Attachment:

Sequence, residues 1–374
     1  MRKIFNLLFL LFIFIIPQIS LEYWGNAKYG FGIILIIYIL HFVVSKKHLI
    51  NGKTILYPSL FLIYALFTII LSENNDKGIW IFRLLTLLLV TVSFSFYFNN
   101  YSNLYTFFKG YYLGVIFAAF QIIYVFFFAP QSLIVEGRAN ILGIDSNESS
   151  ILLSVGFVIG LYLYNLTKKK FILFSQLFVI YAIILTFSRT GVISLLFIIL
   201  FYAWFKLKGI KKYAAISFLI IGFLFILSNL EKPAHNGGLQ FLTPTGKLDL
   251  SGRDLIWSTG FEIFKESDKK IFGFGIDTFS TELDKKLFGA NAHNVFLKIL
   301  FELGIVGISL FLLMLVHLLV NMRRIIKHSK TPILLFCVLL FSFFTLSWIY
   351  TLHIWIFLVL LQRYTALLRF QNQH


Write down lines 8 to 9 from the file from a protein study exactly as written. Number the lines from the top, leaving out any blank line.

   301  FELGIVGISL FLLMLVHLLV NMRRIIKHSK TPILLFCVLL FSFFTLSWIY
   351  TLHIWIFLVL LQRYTALLRF QNQH